Science and Intersectionality
Join us for discussion on science & society at next week’s
Science & Intersectionality Workshop
Who: You (and a friend)!
When: February 15th & 16th, 4:30-7PM, reception to follow
Where: Frist Campus Center, 200 Level
What: Come learn and discuss with campus and community members! Topics include: the consideration of science as an institution and its place in a historical context, the intersection of the scientific community and society, and the individual scientist’s responsibility to engage with contemporary social issues. Each evening will start with a number of concurrent presentations to choose from, followed by an informal reception with food and space for conversation and debriefing.
Check out this amazing lineup of speakers and workshops!
- Empowering the Future: Teaching Old Institutions New Tricks | National Academy of Sciences
- Connection is a Choice | Alan Alda Center for Science Communication
- Being authentic and breaking stereotypes while navigating your scientific career | Dean Gonzalez-Perez
- Beyond the Bench: The Socially Responsible Scientist | Abby Notterman
- An Intersectional Approach to Understanding Barriers to Success in STEM | Geraldine Cochran
- The Science of Science Advice: Improve It | Valerie Thomas
- The Ethics of Algorithms | Nathan Ensmenger
- Story Collider: Seeing Ourselves in Science | Paula Croxton
- Promoting Inclusiveness in molecular biology – a case study | Zemer Gitai
- The Roles of NSF in Promoting Inclusiveness | Janette Carey
- Creating Inclusive STEM Classrooms | Geneva Stein
- Diversity in the Sciences: Where are all the people? | Cynthia Hill
- Tools for Effective Science Communication | Daniel Steinberg
Questions and topics to be addressed:
Reflect: Science, Society and History: What are the sciences’ connections to large social institutions such as governments and large corporations and how do the sciences recreate or perpetuate power structures, hierarchies, and systemic oppression present in these institutions?
Ethical Implications of Research: What is the science community’s responsibility and capacity to engage with and address social and ethical implications of their research?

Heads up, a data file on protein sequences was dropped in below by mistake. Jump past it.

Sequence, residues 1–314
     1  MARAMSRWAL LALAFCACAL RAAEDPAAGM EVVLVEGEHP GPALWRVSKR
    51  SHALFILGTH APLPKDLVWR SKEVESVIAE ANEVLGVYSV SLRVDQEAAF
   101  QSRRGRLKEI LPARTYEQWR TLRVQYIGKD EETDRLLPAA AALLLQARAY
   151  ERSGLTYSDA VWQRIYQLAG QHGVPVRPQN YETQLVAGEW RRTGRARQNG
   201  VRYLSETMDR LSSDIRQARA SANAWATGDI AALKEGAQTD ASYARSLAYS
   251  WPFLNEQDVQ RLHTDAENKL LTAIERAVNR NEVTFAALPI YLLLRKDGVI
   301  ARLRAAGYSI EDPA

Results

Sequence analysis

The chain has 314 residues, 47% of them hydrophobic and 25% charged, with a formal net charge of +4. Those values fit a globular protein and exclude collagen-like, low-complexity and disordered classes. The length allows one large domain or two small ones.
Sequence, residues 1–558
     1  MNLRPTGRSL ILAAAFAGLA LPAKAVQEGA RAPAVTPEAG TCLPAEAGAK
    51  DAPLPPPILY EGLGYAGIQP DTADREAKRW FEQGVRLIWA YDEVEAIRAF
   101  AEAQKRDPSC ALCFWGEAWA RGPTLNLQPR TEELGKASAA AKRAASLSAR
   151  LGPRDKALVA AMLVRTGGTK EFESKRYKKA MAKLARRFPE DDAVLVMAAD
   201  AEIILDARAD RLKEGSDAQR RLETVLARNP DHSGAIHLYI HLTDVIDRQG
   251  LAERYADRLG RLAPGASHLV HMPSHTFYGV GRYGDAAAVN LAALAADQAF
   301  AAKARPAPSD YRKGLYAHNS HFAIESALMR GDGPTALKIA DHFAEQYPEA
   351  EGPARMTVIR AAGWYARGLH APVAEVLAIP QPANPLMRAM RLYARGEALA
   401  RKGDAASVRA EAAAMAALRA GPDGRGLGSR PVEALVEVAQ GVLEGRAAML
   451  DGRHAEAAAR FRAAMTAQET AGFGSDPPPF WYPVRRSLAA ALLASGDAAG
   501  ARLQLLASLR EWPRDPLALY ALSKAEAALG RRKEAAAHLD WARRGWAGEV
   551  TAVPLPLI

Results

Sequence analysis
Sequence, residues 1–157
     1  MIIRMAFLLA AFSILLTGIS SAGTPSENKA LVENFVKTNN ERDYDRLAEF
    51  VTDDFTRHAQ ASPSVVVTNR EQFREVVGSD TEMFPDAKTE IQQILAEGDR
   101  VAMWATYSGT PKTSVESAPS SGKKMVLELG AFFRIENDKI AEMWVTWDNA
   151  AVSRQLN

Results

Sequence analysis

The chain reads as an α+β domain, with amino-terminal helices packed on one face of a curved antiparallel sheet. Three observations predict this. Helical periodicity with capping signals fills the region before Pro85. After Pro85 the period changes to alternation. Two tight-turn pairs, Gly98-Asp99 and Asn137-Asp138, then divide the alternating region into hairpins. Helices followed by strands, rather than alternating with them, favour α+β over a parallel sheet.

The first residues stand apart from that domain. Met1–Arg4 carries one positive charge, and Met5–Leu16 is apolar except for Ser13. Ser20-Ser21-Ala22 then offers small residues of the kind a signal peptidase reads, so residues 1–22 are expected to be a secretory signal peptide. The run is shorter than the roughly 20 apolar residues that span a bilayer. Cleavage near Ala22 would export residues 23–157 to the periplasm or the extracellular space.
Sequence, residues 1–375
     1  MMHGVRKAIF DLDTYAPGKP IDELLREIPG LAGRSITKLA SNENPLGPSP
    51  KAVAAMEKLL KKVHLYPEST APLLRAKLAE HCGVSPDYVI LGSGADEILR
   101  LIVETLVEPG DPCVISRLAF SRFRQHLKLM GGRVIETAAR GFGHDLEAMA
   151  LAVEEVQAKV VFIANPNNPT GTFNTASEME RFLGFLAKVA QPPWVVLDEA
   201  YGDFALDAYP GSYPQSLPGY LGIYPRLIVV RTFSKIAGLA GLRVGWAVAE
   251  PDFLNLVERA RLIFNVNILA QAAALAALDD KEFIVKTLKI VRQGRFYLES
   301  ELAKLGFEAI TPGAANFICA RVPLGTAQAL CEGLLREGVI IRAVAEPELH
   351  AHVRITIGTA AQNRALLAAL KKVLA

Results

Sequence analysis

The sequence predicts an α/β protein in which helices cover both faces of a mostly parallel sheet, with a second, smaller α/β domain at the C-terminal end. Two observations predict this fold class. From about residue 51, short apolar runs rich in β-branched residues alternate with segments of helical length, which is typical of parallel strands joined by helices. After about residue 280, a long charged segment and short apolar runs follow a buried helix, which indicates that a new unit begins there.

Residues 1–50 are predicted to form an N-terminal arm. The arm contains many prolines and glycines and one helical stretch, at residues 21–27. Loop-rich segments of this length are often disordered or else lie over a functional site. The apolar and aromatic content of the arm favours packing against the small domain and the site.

Rethink: Fostering an Inclusive Science Community: How do we, as individuals and a scientific community, actively rethink and foster an inclusive and intersectional community? How can we engage with existing barriers and systemic biases in the sciences, and within our respective fields of study?
Reimagine: Science Communication and Outreach: The narrative of scientific discovery is dominated by white, western, male figures. How do we encourage everyone to rethink not just past contributions, but also reimagine the present and future course of the scientific endeavor? Who do we see as contributors, and how do we mobilize ourselves and others to recognize and embrace agency, seeing oneself as an active contributor to science?
Brought to you by the Princeton Citizen Scientists along with cosponsors: Black Graduate Caucus | Graduate Women of Color Caucus | GWiSE | Intersecting Queer Identities | Latino Graduate Student Association | LGBT Center | Princeton Advocates for Justice | Women’s Center
With special thanks to Campus Conversations and the Council on Science & Technology
Princeton Citizen Scientists Meetings
Every Thursday, 6-7:30pm
Location: Second Floor, 221 Nassau St, Princeton, NJ 08540
- Briefing on Solar Energy Policy for NJ Lawmakers
- Educational Outreach to Local Public Schools
Past Events and Projects
Teach-ins at the Princeton Public Library
Thursday October 12, 6:30-9pm
Location: Princeton Public Library, 65 Witherspoon St Princeton NJ 08542
March to Ban the Bomb
Professional Development Trip to Washington, DC
A day trip to Washington, DC, to meet with elected representatives of the congress and senate staffers. We had 18 attendees and met with a total of 22 different Congress members’ offices!
March for Science
See here for more information.
Day of Action
Writing and Communication Workshop, with Bulletin of Atomic Scientists
Our workshop trained participants to engage policymakers and the general public. It offers tips and insights into using social media, television, radio, and other media platforms to advance ideas. It is designed to encourage participants to develop and try out new communication skills, and connect their research findings to those outside their field of expertise.
Book Club: “A Scientists Guide to Talking with the Media”